| ||Format||Pages||Price|| |
|PDF (1.5M)||25||$25||  ADD TO CART|
|Complete Source PDF (3.1M)||99||$55||  ADD TO CART|
Cite this document
Since the discovery of ductile iron two decades ago, this versatile material has shown a truly phenomenal growth. The ductile iron family of materials combines the processing advantages of cast iron, that is, low melting point, good fluidity and castability, excellent machinability, and good wear resistance, with the engineering advantages of steel, including high strength, toughness, ductility, hot workability, and hardenability. Both chemical composition and heat treatment affect the matrix structure and the graphite formation, which must be spheroidal in shape. Rigid production controls are employed to produce reliable ductile iron castings. A wide range of tensile strength, yield strength, and elongation is produced from a single chemical composition through heat treatment. ASTM specifications for the ductile iron family list grades of 120-90-02, 100-70-03, 80-55-06,65-45-12, and 60-40-18. Attention is now being given to alloying elements and special chemical composition to broaden the range of physical properties of ductile iron. Successful applications of the various grades of ductile iron, including alloy grades, are found in the automotive industry, steel mills, farm equipment, machine tools, pipe lines, road building equipment, and many other manufacturing industries.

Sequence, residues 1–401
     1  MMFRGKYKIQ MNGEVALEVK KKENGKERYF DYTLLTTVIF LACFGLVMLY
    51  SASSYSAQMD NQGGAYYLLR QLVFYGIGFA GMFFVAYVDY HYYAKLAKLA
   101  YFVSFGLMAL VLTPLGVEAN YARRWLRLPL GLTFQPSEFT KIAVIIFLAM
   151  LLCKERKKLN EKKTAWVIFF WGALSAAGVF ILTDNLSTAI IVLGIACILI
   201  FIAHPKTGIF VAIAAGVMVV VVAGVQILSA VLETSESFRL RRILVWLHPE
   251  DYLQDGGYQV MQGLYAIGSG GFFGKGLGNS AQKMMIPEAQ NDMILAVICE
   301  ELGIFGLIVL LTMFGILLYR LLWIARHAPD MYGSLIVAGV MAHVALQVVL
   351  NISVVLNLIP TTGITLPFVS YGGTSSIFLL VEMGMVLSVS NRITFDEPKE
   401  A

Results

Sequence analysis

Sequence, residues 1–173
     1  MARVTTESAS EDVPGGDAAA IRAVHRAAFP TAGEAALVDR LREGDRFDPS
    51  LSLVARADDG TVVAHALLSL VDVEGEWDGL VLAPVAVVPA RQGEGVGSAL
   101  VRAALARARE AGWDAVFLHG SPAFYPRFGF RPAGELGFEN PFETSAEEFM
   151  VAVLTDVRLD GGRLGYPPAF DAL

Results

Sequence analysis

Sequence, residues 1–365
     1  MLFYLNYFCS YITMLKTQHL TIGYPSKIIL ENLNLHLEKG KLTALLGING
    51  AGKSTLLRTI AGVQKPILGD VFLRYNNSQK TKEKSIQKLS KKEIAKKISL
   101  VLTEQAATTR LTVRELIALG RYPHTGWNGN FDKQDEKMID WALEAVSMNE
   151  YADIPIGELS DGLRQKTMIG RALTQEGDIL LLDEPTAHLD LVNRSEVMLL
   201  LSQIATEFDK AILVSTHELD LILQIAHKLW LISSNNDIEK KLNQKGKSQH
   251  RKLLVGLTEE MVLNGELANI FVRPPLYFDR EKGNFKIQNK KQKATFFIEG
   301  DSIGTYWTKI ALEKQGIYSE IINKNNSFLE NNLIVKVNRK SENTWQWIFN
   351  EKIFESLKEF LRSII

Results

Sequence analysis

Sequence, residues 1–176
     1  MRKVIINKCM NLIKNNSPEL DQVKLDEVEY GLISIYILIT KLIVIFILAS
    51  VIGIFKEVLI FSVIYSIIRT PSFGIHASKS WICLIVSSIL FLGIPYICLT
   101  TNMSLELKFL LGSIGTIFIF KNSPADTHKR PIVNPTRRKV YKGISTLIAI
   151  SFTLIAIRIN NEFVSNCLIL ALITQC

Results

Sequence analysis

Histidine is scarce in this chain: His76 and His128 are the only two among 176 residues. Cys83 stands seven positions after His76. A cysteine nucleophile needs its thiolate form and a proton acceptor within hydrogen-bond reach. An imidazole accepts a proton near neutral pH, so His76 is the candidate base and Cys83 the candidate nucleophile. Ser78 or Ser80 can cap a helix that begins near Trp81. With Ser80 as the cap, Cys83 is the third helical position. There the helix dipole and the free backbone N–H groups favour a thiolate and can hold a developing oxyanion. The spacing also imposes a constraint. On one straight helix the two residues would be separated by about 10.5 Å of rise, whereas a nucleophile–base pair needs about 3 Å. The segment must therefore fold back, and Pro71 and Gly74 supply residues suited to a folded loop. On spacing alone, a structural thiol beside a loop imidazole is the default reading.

ductile iron castings, graphite formation, matrix structure, production control, chemical composition, heat treatment, mechanical properties, alloy systems, gray iron castings, malleable iron castings, metals, tests, evaluation
Henderson, H. E.
Technical director, The Mead Corp., Lynchburg, Va.